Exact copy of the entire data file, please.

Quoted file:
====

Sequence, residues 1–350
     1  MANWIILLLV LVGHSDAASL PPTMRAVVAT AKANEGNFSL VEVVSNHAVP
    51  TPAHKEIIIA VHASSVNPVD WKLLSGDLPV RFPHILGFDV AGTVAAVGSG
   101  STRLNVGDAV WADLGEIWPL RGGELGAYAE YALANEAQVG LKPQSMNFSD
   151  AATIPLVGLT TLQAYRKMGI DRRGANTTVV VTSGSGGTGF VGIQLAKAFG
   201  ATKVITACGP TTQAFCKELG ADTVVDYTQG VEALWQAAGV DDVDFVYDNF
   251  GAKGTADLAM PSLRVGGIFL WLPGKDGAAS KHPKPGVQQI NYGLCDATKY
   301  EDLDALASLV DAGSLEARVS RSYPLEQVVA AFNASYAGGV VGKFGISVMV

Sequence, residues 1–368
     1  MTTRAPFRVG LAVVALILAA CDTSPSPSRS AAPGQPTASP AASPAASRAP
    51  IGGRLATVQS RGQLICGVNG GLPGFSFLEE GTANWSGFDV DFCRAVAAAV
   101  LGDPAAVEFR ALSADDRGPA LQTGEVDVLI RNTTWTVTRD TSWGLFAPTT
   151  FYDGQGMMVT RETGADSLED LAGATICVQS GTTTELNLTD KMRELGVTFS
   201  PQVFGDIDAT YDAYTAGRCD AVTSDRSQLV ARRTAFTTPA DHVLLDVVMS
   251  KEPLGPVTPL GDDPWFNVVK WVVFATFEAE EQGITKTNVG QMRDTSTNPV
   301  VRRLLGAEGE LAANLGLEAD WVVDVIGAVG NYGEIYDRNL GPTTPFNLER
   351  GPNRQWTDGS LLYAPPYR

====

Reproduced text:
Sequence, residues 1–350
     1  MANWIILLLV LVGHSDAASL PPTMRAVVAT AKANEGNFSL VEVVSNHAVP
    51  TPAHKEIIIA VHASSVNPVD WKLLSGDLPV RFPHILGFDV AGTVAAVGSG
   101  STRLNVGDAV WADLGEIWPL RGGELGAYAE YALANEAQVG LKPQSMNFSD
   151  AATIPLVGLT TLQAYRKMGI DRRGANTTVV VTSGSGGTGF VGIQLAKAFG
   201  ATKVITACGP TTQAFCKELG ADTVVDYTQG VEALWQAAGV DDVDFVYDNF
   251  GAKGTADLAM PSLRVGGIFL WLPGKDGAAS KHPKPGVQQI NYGLCDATKY
   301  EDLDALASLV DAGSLEARVS RSYPLEQVVA AFNASYAGGV VGKFGISVMV

Sequence, residues 1–368
     1  MTTRAPFRVG LAVVALILAA CDTSPSPSRS AAPGQPTASP AASPAASRAP
    51  IGGRLATVQS RGQLICGVNG GLPGFSFLEE GTANWSGFDV DFCRAVAAAV
   101  LGDPAAVEFR ALSADDRGPA LQTGEVDVLI RNTTWTVTRD TSWGLFAPTT
   151  FYDGQGMMVT RETGADSLED LAGATICVQS GTTTELNLTD KMRELGVTFS
   201  PQVFGDIDAT YDAYTAGRCD AVTSDRSQLV ARRTAFTTPA DHVLLDVVMS
   251  KEPLGPVTPL GDDPWFNVVK WVVFATFEAE EQGITKTNVG QMRDTSTNPV
   301  VRRLLGAEGE LAANLGLEAD WVVDVIGAVG NYGEIYDRNL GPTTPFNLER
   351  GPNRQWTDGS LLYAPPYR